The area of heat transfer is the other big factor: The Sun only shines from one direction (at least where I live). And like a solar panel the more area you have for the sun to "hit", the more energy you can absorb (Watts / m^2). So 3x 20mm pipes next to each other present an effective 60mm "width" that the sun shines down on, and will have a better energy transfer area than 1x 50mm pipe. Additionally, the bigger diameter pipe requires thick walls to resist increased internal pressure, and the PVC the pipe is made from is a good insulator (which insulates well against electricity as well as heat). So the thicker the wall of the pipe, the less heat will be transferred through the PVC through conduction. Therefore it usually makes more sense to have many thin pipes in parallel, rather than just one big pipe. However - The 50mm pipe has a bigger internal cross-section than the 3x 20mm pipes, so it will allow you to move the water faster and with less pressure loss, and less work done by your pump.

Basically my point is: Engineering is hard, just use the pipe you can get the cheapest 🤣

Link to post
Share on other sites

@ThatGuy thank you so much for your post though. This is exactly the information I was looking for, presented in an easily understandable and useful way! It definitely confirms what I've been reading. And is logical! 

I wish I had the whole long weekend for the build but sadly I'm doing a Masters in Psychology so will be working on a proposal but building solar heating for my pool sounds like much more fun! 

Still not 100% clear on whether I need to worry about pressure and resistance in terms of my pump motor? It's something ancient, I recall it was measured in HP but those stickers are long gone. I'd hate to blow it.

Link to post
Share on other sites
16 minutes ago, MKRandburg said:

Still not 100% clear on whether I need to worry about pressure and resistance in terms of my pump motor? It's something ancient, I recall it was measured in HP but those stickers are long gone. I'd hate to blow it.

Ancient is sometimes better where motors are concerned... Newer ones from Chyynaa usually have a lot less copper in them and are less resistant to overloading. I don't think you have to worry too much about burning it out (it is water cooled after all), you just mustn't make the pipes so long that you don't get circulation!

Before you add anything, suggest you let your pump run for about 30min (preferably before you've cleaned it and before backwashing so the load is as high as it'll normally get) and feel the heat on the fins of the motor: If it's more than 65 deg already (uncomfortable to touch for more than a few seconds), then the pump is already struggling and you'll need a different circulating pump. If it's just warm to the touch, then have at it :)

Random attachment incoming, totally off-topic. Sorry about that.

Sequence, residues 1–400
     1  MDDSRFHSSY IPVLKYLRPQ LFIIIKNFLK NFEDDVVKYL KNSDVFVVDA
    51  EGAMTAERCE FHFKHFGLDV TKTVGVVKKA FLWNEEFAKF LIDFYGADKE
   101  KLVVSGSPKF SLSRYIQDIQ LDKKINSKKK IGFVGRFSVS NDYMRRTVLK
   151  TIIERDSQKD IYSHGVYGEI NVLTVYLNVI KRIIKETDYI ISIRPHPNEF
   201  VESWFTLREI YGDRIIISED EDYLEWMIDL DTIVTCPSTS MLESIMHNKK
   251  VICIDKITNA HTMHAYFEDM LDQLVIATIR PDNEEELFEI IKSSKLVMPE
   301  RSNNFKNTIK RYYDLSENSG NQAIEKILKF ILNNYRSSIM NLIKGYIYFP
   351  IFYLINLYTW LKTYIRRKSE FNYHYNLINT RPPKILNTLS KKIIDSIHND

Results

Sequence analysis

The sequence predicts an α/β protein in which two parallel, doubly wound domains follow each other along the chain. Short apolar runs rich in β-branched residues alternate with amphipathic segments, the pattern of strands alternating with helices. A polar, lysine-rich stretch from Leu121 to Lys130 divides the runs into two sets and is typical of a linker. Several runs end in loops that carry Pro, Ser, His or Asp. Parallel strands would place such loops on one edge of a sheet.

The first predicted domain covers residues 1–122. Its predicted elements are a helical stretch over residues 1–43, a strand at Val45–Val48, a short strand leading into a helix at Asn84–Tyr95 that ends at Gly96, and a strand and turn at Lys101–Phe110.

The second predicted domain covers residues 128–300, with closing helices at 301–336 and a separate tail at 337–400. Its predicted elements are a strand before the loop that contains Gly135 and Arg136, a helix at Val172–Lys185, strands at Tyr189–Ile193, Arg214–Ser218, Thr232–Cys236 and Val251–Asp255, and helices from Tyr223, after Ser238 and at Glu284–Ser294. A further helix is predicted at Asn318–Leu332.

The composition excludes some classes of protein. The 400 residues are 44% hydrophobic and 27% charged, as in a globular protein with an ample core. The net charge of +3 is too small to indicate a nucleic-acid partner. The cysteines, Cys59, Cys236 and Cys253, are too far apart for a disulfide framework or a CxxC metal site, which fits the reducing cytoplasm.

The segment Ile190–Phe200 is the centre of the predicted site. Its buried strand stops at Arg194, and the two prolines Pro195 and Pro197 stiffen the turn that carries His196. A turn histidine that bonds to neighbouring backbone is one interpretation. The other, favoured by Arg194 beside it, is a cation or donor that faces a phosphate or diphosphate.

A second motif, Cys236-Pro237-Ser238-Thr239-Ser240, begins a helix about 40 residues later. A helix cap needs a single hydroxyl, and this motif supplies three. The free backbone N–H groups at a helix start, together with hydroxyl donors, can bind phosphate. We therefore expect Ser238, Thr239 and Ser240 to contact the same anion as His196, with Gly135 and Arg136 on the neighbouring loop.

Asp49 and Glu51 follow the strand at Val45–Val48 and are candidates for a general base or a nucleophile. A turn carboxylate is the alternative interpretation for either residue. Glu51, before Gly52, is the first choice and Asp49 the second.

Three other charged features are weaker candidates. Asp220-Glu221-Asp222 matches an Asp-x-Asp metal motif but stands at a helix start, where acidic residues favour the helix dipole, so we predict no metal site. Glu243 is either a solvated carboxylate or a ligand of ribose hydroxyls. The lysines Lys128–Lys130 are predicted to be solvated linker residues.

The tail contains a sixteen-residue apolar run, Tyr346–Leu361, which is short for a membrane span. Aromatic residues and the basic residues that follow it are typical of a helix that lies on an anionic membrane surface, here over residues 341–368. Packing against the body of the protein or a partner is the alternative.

I suggest this with no experience and at your own peril: Get 1 long length of pipe and run it as-is. Repeat the heat check after 30 min running and check the flow in your pool. If the load is too much or flow is too little, cut that pipe in half and add fittings to make 2 parallel paths (double the flow area). You can repeat as many times as necessary, while having the same effective heating area. Don't add too many runs though: Eventually the pump won't be able to keep enough flow to fill the pipes, and your heat transfer will suffer because the water won't be making contact with the top of the pipe (where the heat is).

Please don't tell anyone about my bed-wetting when you're a famous head shrinker.  

 

Link to post
Share on other sites
1 hour ago, ThatGuy said:

preferably before you've cleaned it and before backwashing so the load is as high as it'll normally get

Positive displacement pumps are similar to constant current sources - as load resistance goes up so does power.  On the other hand a centrifugal pump is similar to a constant voltage source - as load resistance increases the flow rate/current decreases and power goes down.  A dirty filter is essentially a higher load resistance, meaning less flow and hence reduced power.

I did a quick test on my own pool pump to confirm what I remember from fluid dynamics classes 40 years ago and found to my relief that my tuition fees had not been completely wasted.  Partially closing the return valve increased the pump speed by about 1%.  Motor slip changed from about 6.7% to 5.8%.  I did not measure the power, but the reduction in slip means that it certainly decreased.

 

Link to post
Share on other sites
59 minutes ago, Calvin said:

Positive displacement pumps are similar to constant current sources - as load resistance goes up so does power.  On the other hand a centrifugal pump is similar to a constant voltage source - as load resistance increases the flow rate/current decreases and power goes down.  A dirty filter is essentially a higher load resistance, meaning less flow and hence reduced power.

I did a quick test on my own pool pump to confirm what I remember from fluid dynamics classes 40 years ago and found to my relief that my tuition fees had not been completely wasted.  Partially closing the return valve increased the pump speed by about 1%.  Motor slip changed from about 6.7% to 5.8%.  I did not measure the power, but the reduction in slip means that it certainly decreased.

 

Sigh. I wish I knew what this means.

Link to post
Share on other sites

Join the conversation

You can post now and register later. If you have an account, sign in now to post with your account.

Guest
Reply to this topic...

×   Pasted as rich text.   Paste as plain text instead

  Only 75 emoji are allowed.

×   Your link has been automatically embedded.   Display as a link instead

×   Your previous content has been restored.   Clear editor

×   You cannot paste images directly. Upload or insert images from URL.


×
×
  • Create New...